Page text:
As regular CFZ-watchers will know, for some time Corinna has been doing a column for Animals & Men and a regular segment on On The Track... particularly about out-of-place birds and rare vagrants. There seem to be more and more bird stories from all over the world hitting the news these days so, to make room for them all - and to give them all equal and worthy coverage - she has set up this new blog to cover all things feathery and Fortean.

Monday, 3 June 2013

This is New York: Daniel Kopulos Saving Endangered Animals in a Guatemalan Jungle

By Amelia Pang, Epoch Times | May 30, 2013

Last Updated: May 30, 2013 3:18 pm

NEW YORK—It was the last leg of their journey. Daniel Kopulos and the other members of the Scarlet Macaw Project had eaten nothing but tortillas for the past couple of days. The forestry department had just battled a forest fire and needed to be fed, which meant food supplies for Kopulos’s team had become dangerously low.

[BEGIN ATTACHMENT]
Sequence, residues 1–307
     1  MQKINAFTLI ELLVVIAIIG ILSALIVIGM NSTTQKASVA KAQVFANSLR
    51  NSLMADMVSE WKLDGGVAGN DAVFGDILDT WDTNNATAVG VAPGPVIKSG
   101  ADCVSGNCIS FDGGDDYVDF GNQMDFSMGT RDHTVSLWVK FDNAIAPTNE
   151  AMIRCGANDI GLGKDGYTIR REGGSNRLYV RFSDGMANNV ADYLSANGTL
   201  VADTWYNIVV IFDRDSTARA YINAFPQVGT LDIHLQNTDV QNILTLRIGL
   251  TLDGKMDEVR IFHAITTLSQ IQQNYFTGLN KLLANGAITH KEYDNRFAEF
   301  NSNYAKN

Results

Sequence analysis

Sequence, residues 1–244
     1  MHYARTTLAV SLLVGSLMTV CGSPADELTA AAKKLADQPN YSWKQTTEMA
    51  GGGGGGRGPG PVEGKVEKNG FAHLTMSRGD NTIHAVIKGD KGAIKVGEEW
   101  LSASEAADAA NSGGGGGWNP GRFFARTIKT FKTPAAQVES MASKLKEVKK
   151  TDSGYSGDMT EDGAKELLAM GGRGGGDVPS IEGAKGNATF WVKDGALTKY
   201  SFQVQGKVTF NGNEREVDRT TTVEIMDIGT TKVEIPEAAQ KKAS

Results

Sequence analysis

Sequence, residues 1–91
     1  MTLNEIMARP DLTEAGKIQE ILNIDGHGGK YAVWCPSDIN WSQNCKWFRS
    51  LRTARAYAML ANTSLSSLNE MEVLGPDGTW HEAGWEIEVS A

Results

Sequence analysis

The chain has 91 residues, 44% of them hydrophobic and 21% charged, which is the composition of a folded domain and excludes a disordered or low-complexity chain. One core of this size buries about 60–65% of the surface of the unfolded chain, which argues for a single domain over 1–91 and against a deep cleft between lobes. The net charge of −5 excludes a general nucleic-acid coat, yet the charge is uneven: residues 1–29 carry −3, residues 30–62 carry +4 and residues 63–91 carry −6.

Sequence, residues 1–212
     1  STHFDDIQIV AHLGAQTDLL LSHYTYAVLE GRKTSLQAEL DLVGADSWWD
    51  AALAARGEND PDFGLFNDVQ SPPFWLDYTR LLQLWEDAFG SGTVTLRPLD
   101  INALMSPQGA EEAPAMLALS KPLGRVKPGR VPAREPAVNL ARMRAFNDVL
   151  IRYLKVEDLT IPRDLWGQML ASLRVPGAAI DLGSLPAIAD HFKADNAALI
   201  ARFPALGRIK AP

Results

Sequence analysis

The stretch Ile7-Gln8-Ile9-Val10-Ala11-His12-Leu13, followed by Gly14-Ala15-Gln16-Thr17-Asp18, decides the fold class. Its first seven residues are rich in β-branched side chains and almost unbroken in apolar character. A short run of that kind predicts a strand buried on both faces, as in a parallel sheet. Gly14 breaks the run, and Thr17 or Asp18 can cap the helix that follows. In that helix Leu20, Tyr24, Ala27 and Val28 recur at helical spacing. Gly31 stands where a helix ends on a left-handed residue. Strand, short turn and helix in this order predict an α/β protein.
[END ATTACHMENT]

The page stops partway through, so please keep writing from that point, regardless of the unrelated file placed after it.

But, they pushed onward, climbing trees and hiking six hours a day in Guatemalan jungles to save critically endangered birds. And it was all worth it.

The scarlet macaws of the Mayan Biosphere is an avian species that only has 300 members living in the wild. Since the project began in 2001, the macaw population has doubled.

Kopulos leaves Fauna, his exotic pet shop in the Upper West Side, for a month every year to travel to Guatemala for the project.

“It’s worth it because the people really appreciate it,” Kopulos said.“ Most people who work there have to leave their families for three to four months at a time to do this work because they don’t live in that area.”

He and the other members of the Scarlet Macaw Project bring medical supplies, equipment, as well as training to assist with nest protection, artificial nest construction, chick rearing, veterinary monitoring, and education initiatives. They also work to save the endangered Mesoamerican river turtles and jaguars in the area.

“The country’s people are so humble, they are so willing to help each other out,” Kopulos said.

Kopulos, himself, is also remarkably humble.

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